newest SpaceX rocket stuck its landing Wednesday. Whether the unorthodox billionaire has as much success landing jokes on one of comedy’s biggest stages will get its own test Saturday night.
His stint on “Saturday Night Live” will be his first time hosting a nationally televised comedy sketch show, but it is far from his first time playing the comedian in public. More than most business leaders, the billionaire has a history of cracking wise—and not so wise—on
in cameos in popular films and TV shows and in publicity events for his various companies. His quips and stunts can range from the extravagant (he once launched a
sports car into space on one of SpaceX’s rockets) to the nerdy (artificial-intelligence jokes!) to the puerile (he likes fart gags).
Mr. Musk has flashed his comedic side while turning Tesla Inc. into one of the largest U.S. companies by market value and building a space business that is carrying astronauts to and from the International Space Station. He has won a global following and, for the first time, the show will be livestreamed internationally in over 100 countries via YouTube, NBC said Saturday.
His eclectic, from-the-hip style has helped the SpaceX and Tesla chief cultivate a loyal following and generate buzz around his ventures. It has also landed him in some hot water, and will make for an interesting comic cocktail on live—albeit mostly scripted—broadcast TV.
In a teaser for his appearance, Mr. Musk called himself a wild card before promising to be “good-ish” with his mom slated to be attending the show for Mother’s Day.
Some investors appear to be betting that Mr. Musk’s performance could be market moving, as his tweets often are.
The cryptocurrency dogecoin, which was created as a joke, has been repeat fodder for Mr. Musk on Twitter. He hinted in a tweet last month that “The Dogefather” might feature on “SNL.” As of Friday afternoon, the price of the cryptocurrency had roughly doubled since the tweet, according to CoinDesk.
Mr. Musk has, naturally, turned to Twitter in recent days to crowdsource ideas for his appearance from among his roughly 53 million followers, and thrown out ideas of his own:
“Throwing out some skit ideas for SNL. What should I do?”
“Baby Shark & Shark Tank merge to form Baby Shark Tank”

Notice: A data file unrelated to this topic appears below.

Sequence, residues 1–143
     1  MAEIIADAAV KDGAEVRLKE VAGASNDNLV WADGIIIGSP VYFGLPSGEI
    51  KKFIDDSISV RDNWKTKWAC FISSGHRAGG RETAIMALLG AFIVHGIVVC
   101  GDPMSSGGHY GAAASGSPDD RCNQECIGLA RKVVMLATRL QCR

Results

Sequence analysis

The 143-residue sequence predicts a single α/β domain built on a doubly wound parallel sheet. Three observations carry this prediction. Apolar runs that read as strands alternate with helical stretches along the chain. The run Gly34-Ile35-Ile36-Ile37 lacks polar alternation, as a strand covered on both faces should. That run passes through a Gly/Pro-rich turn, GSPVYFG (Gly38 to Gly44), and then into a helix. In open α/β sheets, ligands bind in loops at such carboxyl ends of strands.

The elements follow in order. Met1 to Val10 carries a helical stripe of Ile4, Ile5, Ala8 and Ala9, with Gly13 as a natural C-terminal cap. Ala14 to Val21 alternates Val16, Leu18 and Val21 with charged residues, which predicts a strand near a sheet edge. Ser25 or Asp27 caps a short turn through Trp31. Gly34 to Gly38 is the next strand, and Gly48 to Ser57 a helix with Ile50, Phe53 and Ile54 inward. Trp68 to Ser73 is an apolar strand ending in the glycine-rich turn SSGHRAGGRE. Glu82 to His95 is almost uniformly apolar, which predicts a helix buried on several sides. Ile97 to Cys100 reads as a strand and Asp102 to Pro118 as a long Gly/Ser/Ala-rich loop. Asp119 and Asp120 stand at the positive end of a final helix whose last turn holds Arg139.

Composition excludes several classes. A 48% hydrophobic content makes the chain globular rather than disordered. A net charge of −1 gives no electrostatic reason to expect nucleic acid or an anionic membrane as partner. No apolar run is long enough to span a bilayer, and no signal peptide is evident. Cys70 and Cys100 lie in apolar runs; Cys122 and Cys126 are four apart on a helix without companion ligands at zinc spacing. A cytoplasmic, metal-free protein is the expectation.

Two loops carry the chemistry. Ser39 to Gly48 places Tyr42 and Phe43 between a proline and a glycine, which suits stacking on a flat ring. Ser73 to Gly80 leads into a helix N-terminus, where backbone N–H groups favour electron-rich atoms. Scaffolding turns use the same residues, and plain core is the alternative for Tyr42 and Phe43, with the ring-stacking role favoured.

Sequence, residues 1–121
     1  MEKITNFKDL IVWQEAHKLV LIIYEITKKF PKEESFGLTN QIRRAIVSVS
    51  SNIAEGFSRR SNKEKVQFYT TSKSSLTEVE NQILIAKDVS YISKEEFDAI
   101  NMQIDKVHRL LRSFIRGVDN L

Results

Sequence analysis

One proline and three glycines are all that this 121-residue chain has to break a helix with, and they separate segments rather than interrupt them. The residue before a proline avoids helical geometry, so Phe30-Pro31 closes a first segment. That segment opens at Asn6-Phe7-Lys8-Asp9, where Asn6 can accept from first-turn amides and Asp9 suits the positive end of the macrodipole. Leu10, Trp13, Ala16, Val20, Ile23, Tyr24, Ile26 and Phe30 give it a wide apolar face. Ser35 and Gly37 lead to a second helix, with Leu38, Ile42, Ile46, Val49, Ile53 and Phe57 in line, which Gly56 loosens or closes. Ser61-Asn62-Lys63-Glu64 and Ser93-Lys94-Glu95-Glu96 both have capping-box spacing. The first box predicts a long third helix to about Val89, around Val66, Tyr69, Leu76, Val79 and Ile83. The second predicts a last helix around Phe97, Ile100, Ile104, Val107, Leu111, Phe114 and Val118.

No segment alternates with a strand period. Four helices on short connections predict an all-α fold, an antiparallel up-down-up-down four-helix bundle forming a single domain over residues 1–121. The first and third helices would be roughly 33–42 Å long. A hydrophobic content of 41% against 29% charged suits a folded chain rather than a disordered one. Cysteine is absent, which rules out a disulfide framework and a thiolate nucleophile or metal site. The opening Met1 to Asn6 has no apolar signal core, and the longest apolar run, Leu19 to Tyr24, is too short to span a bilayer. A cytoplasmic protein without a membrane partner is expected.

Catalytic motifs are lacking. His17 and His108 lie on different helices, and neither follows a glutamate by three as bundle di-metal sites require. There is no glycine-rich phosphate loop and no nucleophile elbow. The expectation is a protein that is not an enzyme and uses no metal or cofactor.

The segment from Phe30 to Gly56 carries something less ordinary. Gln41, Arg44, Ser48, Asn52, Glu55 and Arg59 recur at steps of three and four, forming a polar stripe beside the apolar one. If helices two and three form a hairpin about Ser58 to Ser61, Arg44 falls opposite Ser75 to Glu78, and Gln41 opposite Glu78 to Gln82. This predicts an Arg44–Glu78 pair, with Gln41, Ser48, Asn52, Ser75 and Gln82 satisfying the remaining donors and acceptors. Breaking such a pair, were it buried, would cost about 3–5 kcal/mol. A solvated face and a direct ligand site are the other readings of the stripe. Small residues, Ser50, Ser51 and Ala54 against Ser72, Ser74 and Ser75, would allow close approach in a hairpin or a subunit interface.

“Irony Man—defeats villains using the power of irony”
“Woke James Bond SNL May 8”
Will he be funny? Here’s a sampling of Mr. Musk’s past attempts at humor, and some hints of what might be to come.
Mr. Musk has a habit of deploying humor against rivals, regulators and short sellers who bet against Tesla’s stock. “A lot of people think, ‘Oh, he’s gone crazy on Twitter,’” Mr. Musk said in a recent interview on the social-media app Clubhouse. “I’m like no, I started crazy on Twitter.”
Last summer, for example, Mr. Musk took a seemingly lewd swipe at the Securities and Exchange Commission, which has sanctioned him over some of his tweets, triggering a warning from a Tesla investor, and a Musk response.
And after rival space company Blue Origin LLC, owned by billionaire
challenged NASA’s decision to award a high-profile contract to Space Exploration Technologies Corp., SpaceX’s formal name, Mr. Musk responded in a tweet: “Can’t get it up (to orbit) lol.”
Mr. Musk’s humor isn’t always biting. He reportedly met his girlfriend, Grimes, because of a joke about artificial intelligence.
The 49-year-old’s comedy, occasionally, appears to come straight from a pre-teen’s repertoire. At least some Tesla vehicles are capable of farting on command, among other unusual features.
“Please put “invented car fart” on my gravestone. This is my only request,” he has tweeted.
Among his pop-culture credits, Mr. Musk has logged cameos on the sitcom “The Big Bang Theory” and the movie “Iron Man 2.”
Some of his acts can backfire. Three years ago, for example, Tesla made an April Fool’s joke about the company going bankrupt; the stock promptly fell.
Shares in Tesla also retreated after Mr. Musk appeared to smoke marijuana during a late-night interview with comedian Joe Rogan.
Do you enjoy Elon Musk’s brand of humor? Join the conversation below.
Paul Argenti, a professor at Dartmouth’s Tuck School of Business who coaches executives, said that appearing on “SNL” is fraught with danger, but perhaps less so for Mr. Musk, who has already divided the crowd.
“People who like him will love him more for doing this, and people who don’t will just find new ways to dislike him,” Mr. Argenti said.
Write to Rebecca Elliott at [email protected]
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